Introducing a new feature on Eat Arkansas called "Chew on this," a look at a singular dish from one of our local eating spots. Have a stand-out dish you'd like to see featured? Hit us up down there in the comments.
Stickyz Rock N' Roll Chicken Shack in the River Market (the venue formerly known as Sticky Fingerz) is best known for its excellent live music shows that have featured such acts as Tyrannosaurus Chicken, Dash Rip Rock, and the Arkansas Times Musicians Showcase, but it isn't the first place folks might think of for good eats. That doesn't make much sense, because while rock n' roll comes first, they advertise the chicken right there in the name. I hadn't ever spent much time eating at Stickyz, but my sister swears by the place and always makes a point of stopping in for a sandwich whenever she's in town. One of the last times she was up here, I went to lunch with her at the chicken shack, and became an immediate convert.
The sandwich in question that made me a fan was the Sticky Fingerz Sammich, which takes what Stickyz does best — fried chicken fingers — and crams them into a hoagie roll with mozzarella and cheddar cheese, lettuce, tomato, and what the menu calls “creamy dill dressing” (and what us normals call “ranch”). It’s simple, completely unchallenging to the palate — and completely delicious. The chicken is moist and juicy, breaded just right and fried to a crisp. The bread is substantial and holds up well beneath the weight of all that chicken and cheese but it doesn’t get in the way of the flavors. It’s a good, solid chicken sandwich; and for under eight bucks, it’s a great deal. Be sure to add a batch of fries with it if only to experience the delight that is the Stickyz spicy ketchup.
As a quick lunch, or as a method of soaking up all that pre-show beer, this sandwich is perfect. It's hefty, salty goodness that uses well-battered chicken and a pile of toppings to make a complete package. There are a lot of good sandwiches in this town, and the Sticky Fingerz Sammich ranks among the best.
Is there any place more American than a sports bar right at the start of the college football bowl season? I'm not generally that big on the places, preferring to do my beer swilling and TV-yelling in the comfort of my own living room, but a recent afternoon of shopping in the Promenade Shopping Center found me and the wife feeling hungry — and with a couple of whistles in need of wetting to boot. Wanting to try some place we'd never been before, we stepped into the Tavern Sports Grill, a loud, bustling bar and grill with copious flatscreens plastered on every surface showing numerous football and basketball games simultaneously. The restaurant's high ceilings diffused the noise enough to keep things at a nice, dull roar, and after a look at the diverse beer, wine, and cocktails list, we settle on a couple of glasses of our new favorite bar beer, Schlafly's, and made ourselves comfortable with some football-watching.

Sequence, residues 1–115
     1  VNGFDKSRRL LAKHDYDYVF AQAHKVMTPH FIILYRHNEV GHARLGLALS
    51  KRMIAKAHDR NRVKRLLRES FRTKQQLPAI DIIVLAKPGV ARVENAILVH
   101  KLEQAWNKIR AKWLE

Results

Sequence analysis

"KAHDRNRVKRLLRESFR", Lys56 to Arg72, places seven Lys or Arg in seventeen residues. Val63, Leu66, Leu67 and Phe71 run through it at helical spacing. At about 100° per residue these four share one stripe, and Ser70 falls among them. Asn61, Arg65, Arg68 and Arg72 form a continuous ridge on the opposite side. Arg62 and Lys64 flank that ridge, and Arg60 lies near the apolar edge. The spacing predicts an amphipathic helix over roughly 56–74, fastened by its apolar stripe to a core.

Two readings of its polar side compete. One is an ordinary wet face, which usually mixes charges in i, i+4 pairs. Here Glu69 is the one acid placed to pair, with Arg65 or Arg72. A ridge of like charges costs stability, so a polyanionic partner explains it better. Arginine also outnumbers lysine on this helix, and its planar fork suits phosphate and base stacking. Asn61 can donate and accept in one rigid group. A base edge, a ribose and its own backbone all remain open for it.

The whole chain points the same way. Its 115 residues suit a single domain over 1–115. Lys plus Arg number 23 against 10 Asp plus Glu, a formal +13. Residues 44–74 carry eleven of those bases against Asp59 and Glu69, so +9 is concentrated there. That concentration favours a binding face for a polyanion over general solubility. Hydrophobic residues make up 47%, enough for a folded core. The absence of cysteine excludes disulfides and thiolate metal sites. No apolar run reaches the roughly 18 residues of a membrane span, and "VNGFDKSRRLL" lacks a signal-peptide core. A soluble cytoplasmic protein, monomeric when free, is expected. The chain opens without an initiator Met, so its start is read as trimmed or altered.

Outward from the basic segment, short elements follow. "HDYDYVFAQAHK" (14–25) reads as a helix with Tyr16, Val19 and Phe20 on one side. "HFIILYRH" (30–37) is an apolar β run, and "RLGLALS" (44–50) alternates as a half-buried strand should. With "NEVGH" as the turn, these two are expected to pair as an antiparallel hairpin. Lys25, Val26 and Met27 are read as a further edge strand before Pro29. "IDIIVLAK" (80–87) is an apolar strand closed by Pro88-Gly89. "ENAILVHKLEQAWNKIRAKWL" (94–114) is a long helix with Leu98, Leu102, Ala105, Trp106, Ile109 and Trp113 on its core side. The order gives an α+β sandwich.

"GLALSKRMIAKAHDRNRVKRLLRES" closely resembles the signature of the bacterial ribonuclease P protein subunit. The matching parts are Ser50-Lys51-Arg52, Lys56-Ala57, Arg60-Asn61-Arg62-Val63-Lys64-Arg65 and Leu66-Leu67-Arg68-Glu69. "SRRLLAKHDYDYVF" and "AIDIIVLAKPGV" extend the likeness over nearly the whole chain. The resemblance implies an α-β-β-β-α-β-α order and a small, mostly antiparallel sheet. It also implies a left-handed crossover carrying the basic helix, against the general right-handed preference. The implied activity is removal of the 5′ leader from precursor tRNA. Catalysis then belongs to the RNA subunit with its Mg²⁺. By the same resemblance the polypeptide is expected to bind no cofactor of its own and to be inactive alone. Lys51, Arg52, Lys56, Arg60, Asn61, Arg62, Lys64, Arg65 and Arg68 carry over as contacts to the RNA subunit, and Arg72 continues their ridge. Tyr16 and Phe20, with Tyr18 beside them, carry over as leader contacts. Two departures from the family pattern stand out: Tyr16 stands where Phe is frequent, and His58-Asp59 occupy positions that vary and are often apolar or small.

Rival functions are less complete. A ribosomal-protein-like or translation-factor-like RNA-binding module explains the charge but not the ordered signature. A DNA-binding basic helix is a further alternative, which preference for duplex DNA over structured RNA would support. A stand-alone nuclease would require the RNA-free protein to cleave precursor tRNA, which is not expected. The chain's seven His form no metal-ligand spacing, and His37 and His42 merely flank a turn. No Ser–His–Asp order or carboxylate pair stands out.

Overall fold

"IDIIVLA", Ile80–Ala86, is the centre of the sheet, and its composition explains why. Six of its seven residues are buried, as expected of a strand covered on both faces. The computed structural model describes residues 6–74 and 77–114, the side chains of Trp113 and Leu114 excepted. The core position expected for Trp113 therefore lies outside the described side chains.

The menu at the Tavern is nothing out of the ordinary: burgers, hot wings, sandwiches, and other bar food staples make up the bulk of food selections. We went for the Fried Pickles to start, because good fried pickles are one of the best pairings for a tall glass of beer we've found. The pickles were fantastic; sharp, salty dill chips battered and fried to a crisp and served with the obligatory ranch dressing. Where fried pickles normally fail is with the breading — it can often be soggy, and usually arrives falling off the pickles. The Tavern's pickles avoided both of these hardships, arriving intact and completely crisp on the outside. These were some of the best pickles I've had, edging out my previous favorite by a hair. The portion was huge, with the half-order we got being more than enough for two people.